The group defines a mass shooting as an incident in which four or more people are shot or killed, excluding the shooter.

And the advocacy itself can be dangerous with the national conversation on gun control so volatile. The Andrew family even received a threatening phone call at the house one day. Phil's mother answered and was understandably upset afterward. She asked her son when all of this was going to stop.

"And that was an 'aha' moment for us," he said. "My mother deeply wanted to see her family and her house and everything kind of return to normalcy. And I recognized that would never be again. That we had experienced something. And we would always be advocating and working to prevent it."

Copyright 2022 NPR. To see more, visit https://www.npr.org.

Corrected: July 10, 2022 at 11:00 PM CDT
An earlier version of this article stated that Phil Andrew is the director of violence prevention initiatives at the Archdiocese of Chicago. In fact, he was director until May 2020 but no longer works at the Archdiocese of Chicago.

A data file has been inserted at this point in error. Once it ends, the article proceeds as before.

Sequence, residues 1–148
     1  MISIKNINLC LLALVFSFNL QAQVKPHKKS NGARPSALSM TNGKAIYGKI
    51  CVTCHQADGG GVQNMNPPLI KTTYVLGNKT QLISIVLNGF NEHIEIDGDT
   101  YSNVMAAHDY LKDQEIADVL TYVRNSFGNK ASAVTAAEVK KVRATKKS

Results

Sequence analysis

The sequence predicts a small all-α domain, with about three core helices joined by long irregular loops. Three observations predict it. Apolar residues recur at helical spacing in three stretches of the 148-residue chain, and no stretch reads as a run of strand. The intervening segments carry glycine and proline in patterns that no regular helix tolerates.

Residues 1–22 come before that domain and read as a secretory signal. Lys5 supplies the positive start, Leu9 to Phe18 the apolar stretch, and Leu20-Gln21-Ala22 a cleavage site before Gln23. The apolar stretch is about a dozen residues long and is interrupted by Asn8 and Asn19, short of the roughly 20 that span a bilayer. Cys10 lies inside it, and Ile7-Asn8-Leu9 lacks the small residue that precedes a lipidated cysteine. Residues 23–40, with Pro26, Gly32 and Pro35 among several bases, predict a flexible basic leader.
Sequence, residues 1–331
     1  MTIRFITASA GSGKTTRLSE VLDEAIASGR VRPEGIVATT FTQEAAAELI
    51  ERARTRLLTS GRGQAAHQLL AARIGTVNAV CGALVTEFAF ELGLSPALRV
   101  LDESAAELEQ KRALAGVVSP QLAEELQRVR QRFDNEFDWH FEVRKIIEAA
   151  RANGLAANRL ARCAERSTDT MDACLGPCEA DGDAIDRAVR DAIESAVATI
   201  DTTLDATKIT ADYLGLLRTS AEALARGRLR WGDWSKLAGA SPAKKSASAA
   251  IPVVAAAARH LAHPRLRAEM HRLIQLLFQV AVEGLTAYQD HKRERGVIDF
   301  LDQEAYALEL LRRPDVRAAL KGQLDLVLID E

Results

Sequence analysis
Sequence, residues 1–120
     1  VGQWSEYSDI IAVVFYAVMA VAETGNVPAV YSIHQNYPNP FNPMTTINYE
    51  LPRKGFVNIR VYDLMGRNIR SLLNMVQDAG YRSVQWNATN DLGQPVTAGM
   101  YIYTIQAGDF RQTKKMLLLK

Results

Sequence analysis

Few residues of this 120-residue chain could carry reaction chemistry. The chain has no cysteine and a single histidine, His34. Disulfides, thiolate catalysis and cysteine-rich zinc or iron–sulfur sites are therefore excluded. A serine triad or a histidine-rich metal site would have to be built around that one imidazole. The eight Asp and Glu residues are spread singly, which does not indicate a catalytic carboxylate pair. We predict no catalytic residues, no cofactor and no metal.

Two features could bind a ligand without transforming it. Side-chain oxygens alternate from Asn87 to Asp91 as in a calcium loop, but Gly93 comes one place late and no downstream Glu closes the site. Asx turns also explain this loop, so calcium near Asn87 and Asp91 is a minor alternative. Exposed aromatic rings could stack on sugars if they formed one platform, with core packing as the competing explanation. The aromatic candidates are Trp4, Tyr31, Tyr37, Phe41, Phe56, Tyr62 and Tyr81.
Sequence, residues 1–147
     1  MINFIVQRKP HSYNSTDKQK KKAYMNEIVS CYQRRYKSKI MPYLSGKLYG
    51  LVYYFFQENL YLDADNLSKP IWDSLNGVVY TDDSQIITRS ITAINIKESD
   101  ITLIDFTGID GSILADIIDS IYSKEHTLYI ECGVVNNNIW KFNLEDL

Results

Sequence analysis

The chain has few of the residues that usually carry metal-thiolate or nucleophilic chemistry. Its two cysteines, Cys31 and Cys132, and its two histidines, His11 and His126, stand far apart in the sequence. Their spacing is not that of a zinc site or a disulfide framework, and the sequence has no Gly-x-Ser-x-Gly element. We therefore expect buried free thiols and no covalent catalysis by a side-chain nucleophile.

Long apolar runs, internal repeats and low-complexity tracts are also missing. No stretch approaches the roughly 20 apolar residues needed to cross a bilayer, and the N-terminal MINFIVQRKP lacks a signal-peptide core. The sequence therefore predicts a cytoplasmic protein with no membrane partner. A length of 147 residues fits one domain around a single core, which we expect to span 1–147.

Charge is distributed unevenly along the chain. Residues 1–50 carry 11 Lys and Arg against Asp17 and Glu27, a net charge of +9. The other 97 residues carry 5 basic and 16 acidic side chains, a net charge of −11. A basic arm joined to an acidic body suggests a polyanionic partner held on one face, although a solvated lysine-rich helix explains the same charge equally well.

Juana Summers is a political correspondent for NPR covering race, justice and politics. She has covered politics since 2010 for publications including Politico, CNN and The Associated Press. She got her start in public radio at KBIA in Columbia, Mo., and also previously covered Congress for NPR.
Michael Levitt
Michael Levitt is a news assistant for All Things Considered who is based in Atlanta, Georgia. He graduated from UCLA with a B.A. in Political Science. Before coming to NPR, Levitt worked in the solar energy industry and for the National Endowment for Democracy in Washington, D.C. He has also travelled extensively in the Middle East and speaks Arabic.
Courtney Dorning has been a Senior Editor for NPR's All Things Considered since November 2018. In that role, she's the lead editor for the daily show. Dorning is responsible for newsmaker interviews, lead news segments and the small, quirky features that are a hallmark of the network's flagship afternoon magazine program.